Image via Bodega
The loss of small businesses throughout cities nationwide is already an escalating issue to rising rents and online delivery platforms, but more and more new physical business models are also looking to edge out mom-and-pops and brick-and-mortar retail establishments in general. Take for example a new startup called Bodega, which, you guessed it, wants to replace your actual bodega (they’ve even made their logo a “bodega cat”). Started by two former Google employees, the concept puts unmanned pantries in offices, gyms, dorms, or apartment buildings and stocks them with convenience store staples like non-perishable snacks and beverages, toiletries, cleaning supplies, and even fitness equipment, using a special computer vision system to track purchases (h/t Fast Company).
Ashwath Rajan (left) and Paul McDonald (right), via Bodega
“Eventually, centralized shopping locations won’t be necessary, because there will be 100,000 Bodegas spread out, with one always 100 feet away from you,” says co-founder Paul McDonald, who worked as a product manager at Google for 13 years. And he and his partner Ashwath Rajan have good reason to be so confident; they’ve already secured $2.5 million in funding to launch the concept from several big-name investors and from angel investment by senior executives at Facebook, Twitter, Dropbox, and Google.
So for the past 10 months, McDonald and Rajan have been testing Bodega at 30 Bay Area locations, honing in on the 100 items that a given community or locale needs or wants. As Fast Company explains, “In a sorority house, for instance, young women might regularly purchase pretzels, makeup remover, and tampons. Meanwhile, in an apartment block, residents might regularly buy toilet paper, pasta, and sugar.”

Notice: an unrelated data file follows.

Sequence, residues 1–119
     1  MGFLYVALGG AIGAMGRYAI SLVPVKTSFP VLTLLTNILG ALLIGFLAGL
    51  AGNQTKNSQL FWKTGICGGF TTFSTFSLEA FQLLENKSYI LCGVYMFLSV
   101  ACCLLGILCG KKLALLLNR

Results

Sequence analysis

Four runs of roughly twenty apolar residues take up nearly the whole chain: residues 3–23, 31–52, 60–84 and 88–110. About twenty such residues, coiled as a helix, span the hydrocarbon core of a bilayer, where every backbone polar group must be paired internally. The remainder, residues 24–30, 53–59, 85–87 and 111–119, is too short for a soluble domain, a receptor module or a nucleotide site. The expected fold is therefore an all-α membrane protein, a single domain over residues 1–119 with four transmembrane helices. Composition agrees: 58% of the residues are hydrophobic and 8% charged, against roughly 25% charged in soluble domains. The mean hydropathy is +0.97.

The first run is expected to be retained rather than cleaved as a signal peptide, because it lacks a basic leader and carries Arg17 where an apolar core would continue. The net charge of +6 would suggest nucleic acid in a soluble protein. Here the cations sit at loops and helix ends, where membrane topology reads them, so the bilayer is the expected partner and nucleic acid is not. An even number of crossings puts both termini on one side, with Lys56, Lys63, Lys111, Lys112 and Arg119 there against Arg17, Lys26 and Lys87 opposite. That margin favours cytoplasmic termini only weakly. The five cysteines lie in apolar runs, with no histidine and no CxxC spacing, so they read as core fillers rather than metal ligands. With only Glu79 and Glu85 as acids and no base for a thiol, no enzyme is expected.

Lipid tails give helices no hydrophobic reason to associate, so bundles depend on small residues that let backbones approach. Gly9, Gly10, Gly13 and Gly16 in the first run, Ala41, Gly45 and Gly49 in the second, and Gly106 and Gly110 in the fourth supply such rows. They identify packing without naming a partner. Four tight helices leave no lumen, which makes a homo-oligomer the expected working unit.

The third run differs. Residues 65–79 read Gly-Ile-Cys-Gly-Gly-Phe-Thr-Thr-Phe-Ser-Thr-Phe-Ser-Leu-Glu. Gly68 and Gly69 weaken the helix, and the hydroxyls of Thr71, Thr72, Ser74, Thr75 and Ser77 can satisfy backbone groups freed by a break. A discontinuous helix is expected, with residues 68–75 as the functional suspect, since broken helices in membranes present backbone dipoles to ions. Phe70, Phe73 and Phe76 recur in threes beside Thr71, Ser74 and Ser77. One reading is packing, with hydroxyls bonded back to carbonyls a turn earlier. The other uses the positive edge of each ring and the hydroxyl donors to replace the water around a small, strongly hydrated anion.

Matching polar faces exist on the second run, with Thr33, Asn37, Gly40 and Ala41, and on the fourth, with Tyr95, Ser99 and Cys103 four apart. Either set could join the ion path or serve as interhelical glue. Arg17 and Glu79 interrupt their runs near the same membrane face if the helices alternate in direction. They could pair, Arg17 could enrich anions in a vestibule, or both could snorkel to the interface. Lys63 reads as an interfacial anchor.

As for the logistics, an app allows users to unlock the five-foot-wide pantry and computer vision cameras register the items taken and charge a credit card on file. When an item gets bought, Bodega receives a notification to restock it.
A brick-and-mortar bodega in NYC via s o d a p o p/Flickr
The idea is not without its critics. Not only for the fact that it’s another nail in the coffin of local businesses but for what some perceive as a culturally insensitive name. The term bodega has roots in the Latin American and Asian communities who historically have run small convenience stores and delis. Frank Garcia, chairman of the New York State Coalition of Hispanic Chamber of Commerce which represents thousands of bodegas, told Fast Company, “it is offensive for people who are not Hispanic to use the name ‘bodega,’ to make a quick buck. It’s disrespecting all the mom-and-pop bodega owners that started these businesses in the ’60s and ’70s.” He said he’d even go as far as to ask his members throughout New York not to allow the Bodega pantries in their establishments. “Real bodegas are all about human relationships within a community, having someone you know greet you and make the sandwich you like,” he said. Moreover, as 6sqft previously reported, in 2015 alone, more than 75 of NYC’s roughly 12,000 bodegas have closed, many in uptown neighborhoods like Inwood, Washington Heights and Harlem.
But McDonald says he’s “not particularly concerned about it,” noting that surveys his company conducted in Latin American communities concluded that 97 percent felt the name did not have negative connotations.
Another way McDonald thinks he can push his concept forward is through partnerships with larger retailers who may be trying to keep up with e-commerce sites such as Amazon. He gave the examples of Home Depot setting up Bodegas at construction sites or GNC at gyms.
As of today, Bodega is in 50 more locations on the West Coast and has plans to have more than a thousand nationally by the end of next year.
[Via Fast Company]
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